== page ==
Technology is our friend: A new era has begun
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June 21, 2011

A new era has begun

A few days ago, YouTube announced that it will stream the Copa America 2011 Live. I learned it today and just pinned down some initial thoughts. This is a topic I will closely follow and cover in this blog.

YouTube has already had some sports events, among those the Indian Premier League in Cricket. But it never had such a huge Sports Event and this may be an indication for a new era that is just beginning.

The Copa America is not some other notch in their sports bedpost, but a whole new league: First of all, it is soccer, which is the most popular sport worldwide. Secondly, after FIFA World Cup and UEFA EURO, it is the biggest single event for national teams and we have Argentina, Brazil, Uruguay participating who obviously list some of the world's best players. And third: This is the first time a "neutral" internet platform is used as a real broadcasting partner. In their blog, YouTube does not reveal much.
We learn that

  • every game will be shown live, from pool games to the final
  • every game will be available on demand 
  • there will be highlight reels and round-ups
  • the matches will be available in 50 countries
  • the countries are obviously not disclosed yet
I am trying to get details of the deal and its background and haven't got any yet, but the reason I am so excited is that up to now, the internet was not really used as a widely accepted distribution channel in soccer. The NBA has their League Pass, just like the NFL, and you could watch the Ice Hockey and Handball World Championships online or the FIBA World Championship and Euroleague Final Four in Basketball. But these are pay-models and conducted by the governing bodies of the respective sports tournaments. The "real" broadcasting rights are with television, still negotiated on a local (national) level from country to country to squeeze out maximum value. Up to now, internet broadcasting partners were not an option to consider. The last FIFA world cup broadcasting package even bundled TV and internet streaming rights; the national TV stations could decide to stream geoblocked live games. But in this case, YouTube shows itself as a broadcasting partner, just like a TV station.
We don't know how big the deal is until we know the 50 countries involved. And of course they will be geoblocking content for all the other countries (which will include Germany, I am sure). But still, a platform like YouTube eases the tight grip that television stations had on broadcasting rights. Every internet user is tired of not being able to access content that is just there but is being withheld from them for reasons that origin from a time where content was by far less accessible than it is today. Many people from countries that are excluded in this deal will use VPNs to watch Copa America. Others will rip the stream from YouTube and put it back up online, on the same or other platforms, but not geo-blocked. This is the snowball that will get the avalanche started:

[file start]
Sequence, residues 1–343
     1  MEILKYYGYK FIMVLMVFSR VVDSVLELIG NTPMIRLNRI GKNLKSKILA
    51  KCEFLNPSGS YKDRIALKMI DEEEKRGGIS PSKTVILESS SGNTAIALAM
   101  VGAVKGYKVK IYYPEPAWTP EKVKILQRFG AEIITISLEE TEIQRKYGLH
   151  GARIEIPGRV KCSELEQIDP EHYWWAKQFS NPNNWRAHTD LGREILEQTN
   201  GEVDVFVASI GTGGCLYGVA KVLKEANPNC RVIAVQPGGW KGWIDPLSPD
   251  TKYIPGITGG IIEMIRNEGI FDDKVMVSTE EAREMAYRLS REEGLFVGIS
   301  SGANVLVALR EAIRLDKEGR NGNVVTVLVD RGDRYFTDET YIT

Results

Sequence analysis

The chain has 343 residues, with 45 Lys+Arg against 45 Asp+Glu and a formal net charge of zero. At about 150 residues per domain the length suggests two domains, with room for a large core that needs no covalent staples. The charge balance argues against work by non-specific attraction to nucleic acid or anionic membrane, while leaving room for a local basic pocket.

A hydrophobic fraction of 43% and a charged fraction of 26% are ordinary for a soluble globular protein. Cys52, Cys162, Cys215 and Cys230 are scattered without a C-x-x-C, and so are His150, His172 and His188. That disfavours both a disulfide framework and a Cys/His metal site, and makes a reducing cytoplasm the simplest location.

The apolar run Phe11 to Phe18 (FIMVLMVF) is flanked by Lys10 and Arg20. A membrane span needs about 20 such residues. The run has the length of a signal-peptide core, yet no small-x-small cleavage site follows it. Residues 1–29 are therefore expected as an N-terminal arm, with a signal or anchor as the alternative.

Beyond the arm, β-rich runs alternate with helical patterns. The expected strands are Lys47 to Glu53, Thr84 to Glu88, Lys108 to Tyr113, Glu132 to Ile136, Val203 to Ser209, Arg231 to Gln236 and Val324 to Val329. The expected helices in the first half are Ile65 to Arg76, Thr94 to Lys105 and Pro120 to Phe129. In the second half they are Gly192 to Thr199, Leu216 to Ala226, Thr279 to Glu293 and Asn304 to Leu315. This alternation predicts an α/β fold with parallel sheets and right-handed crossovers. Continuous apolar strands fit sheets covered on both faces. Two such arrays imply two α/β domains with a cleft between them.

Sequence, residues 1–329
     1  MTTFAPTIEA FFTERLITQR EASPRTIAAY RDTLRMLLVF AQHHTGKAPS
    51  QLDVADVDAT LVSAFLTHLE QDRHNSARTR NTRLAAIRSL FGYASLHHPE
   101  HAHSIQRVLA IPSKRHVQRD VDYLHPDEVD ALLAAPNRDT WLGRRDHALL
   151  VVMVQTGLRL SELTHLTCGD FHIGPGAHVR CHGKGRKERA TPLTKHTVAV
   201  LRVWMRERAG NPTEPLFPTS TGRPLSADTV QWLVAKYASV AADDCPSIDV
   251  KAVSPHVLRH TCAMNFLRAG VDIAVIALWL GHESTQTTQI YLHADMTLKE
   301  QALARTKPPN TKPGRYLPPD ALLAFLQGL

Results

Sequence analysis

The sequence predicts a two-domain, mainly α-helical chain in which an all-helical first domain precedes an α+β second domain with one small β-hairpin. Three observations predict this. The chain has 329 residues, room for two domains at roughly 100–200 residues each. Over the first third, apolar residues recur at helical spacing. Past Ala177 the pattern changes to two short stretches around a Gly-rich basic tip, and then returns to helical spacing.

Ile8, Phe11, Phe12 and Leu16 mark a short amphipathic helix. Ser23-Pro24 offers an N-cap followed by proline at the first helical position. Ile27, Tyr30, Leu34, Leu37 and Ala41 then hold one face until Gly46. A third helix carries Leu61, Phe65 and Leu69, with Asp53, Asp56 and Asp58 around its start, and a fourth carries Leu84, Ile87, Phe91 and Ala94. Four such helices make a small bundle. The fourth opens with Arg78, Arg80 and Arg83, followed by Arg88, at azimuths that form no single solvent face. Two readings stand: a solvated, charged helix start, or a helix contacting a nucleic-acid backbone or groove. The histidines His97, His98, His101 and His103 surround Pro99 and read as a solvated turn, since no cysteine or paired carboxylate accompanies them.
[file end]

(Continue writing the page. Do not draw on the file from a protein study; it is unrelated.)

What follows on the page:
It is a warning sign for rights holders: The value of the rights will decrease with television stations. But will the gap be filled from earnings through direct marketing of content and internet broadcasters?

It is also a warning sign for TV stations: They will get serious competition either from rights holders themselves who will consider if they market their broadcasts themselves or in cooperation with internet platforms with major reach, just like YouTube. If I were Sky and had the German broadcasting rights for Copa America, I would not be happy about this deal at all, even if Germany would be on the list of geoblocked markets. But I would worry even more about the value I will be able to bring to the table in future if I were to keep a position in the value chain.

If you look at the reach YouTube has, there have to be monetization models possible that will lead to serious money. In Germany, in April 2011, over 4 billion videos have been viewed online. 3,8 billion were watched on Youtube. 

Since internet broadcasting is much less regulated than TV broadcasts, there have to be advertising models to capitalize on this massive reach also during the live stream of a football match, geo-tagged and maybe even targeted to the profile of the YouTube user. Probably you can set new CPM records with live broadcasted soccer highlights and targeted ads on YouTube. With a reach like that, you must be an attractive broadcasting partner to holders of sports broadcasting rights. With a monetization model of some kind - and I am keen to see what will happen during Copa America or to learn from whichever source what the deal behind is - this can be the future of live sports broadcasting and therefore the beginning of the end of linear TV, since live events were always considered the last stronghold (besides the nature of huge markets to move slowly on innovation, but that is not a stronghold but a lucky incident). 

Additionally, you can monetize internet reach through TV, at least for the transition phase of parallel linear TV and internet usage. The NBA had over 3 billion video views online during the past season, and still had the highest TV ratings for years. Maybe the thought behind Copa America is exactly this: make Southern American football more popular through Copa and monetize your future broadcasting rights on Copa Libertadores and local leagues better. The German Bundesliga for example gets 35 million EUR a year for all TV broadcasting rights outside of Germany. If they were to use YouTube for a period of time, lets say, outside of Europe, is it possible to get a higher price for your broadcasting rights in future, be it online or linear TV?

Another huge market gets disrupted, and now is the time for all parties involved to play their cards right. I am excited.